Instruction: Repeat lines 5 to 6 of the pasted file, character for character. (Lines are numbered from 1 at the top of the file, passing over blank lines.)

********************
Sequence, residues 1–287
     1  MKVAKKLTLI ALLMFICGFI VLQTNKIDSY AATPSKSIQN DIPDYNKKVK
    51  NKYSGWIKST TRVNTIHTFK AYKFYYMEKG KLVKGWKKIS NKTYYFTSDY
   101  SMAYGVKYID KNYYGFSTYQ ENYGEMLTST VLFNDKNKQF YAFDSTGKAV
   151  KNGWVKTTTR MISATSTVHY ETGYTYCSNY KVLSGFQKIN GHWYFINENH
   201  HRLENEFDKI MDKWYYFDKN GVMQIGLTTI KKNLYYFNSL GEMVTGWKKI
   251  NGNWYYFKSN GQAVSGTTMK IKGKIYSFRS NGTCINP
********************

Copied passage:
   151  KNGWVKTTTR MISATSTVHY ETGYTYCSNY KVLSGFQKIN GHWYFINENH
   201  HRLENEFDKI MDKWYYFDKN GVMQIGLTTI KKNLYYFNSL GEMVTGWKKI